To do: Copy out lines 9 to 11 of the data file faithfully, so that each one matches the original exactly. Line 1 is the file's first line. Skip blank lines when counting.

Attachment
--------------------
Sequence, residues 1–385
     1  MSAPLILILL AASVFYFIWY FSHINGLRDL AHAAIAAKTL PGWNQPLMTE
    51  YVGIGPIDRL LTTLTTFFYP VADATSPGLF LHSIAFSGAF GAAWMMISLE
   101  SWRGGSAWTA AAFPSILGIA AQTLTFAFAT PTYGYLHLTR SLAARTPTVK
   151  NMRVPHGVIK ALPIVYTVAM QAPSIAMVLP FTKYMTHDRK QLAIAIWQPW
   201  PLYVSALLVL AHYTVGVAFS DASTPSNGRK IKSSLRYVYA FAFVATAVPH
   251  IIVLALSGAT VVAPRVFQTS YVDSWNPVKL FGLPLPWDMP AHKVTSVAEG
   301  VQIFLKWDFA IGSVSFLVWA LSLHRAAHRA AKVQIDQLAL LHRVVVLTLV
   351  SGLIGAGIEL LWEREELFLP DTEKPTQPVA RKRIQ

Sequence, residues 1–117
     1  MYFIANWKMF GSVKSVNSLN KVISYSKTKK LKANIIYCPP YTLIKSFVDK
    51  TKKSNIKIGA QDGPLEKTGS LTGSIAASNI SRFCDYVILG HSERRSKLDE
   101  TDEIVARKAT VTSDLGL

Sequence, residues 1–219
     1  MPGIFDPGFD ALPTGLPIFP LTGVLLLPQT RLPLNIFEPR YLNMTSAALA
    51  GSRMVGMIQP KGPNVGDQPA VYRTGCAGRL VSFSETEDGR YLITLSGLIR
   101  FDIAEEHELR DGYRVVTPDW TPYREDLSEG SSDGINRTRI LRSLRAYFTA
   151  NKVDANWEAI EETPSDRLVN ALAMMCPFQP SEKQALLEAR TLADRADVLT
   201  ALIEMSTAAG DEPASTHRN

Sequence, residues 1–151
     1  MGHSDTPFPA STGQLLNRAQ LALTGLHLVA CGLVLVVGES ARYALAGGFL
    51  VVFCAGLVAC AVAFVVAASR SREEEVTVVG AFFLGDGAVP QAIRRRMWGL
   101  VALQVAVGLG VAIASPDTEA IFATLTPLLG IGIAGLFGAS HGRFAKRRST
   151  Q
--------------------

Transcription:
   351  SGLIGAGIEL LWEREELFLP DTEKPTQPVA RKRIQ

Sequence, residues 1–117
     1  MYFIANWKMF GSVKSVNSLN KVISYSKTKK LKANIIYCPP YTLIKSFVDK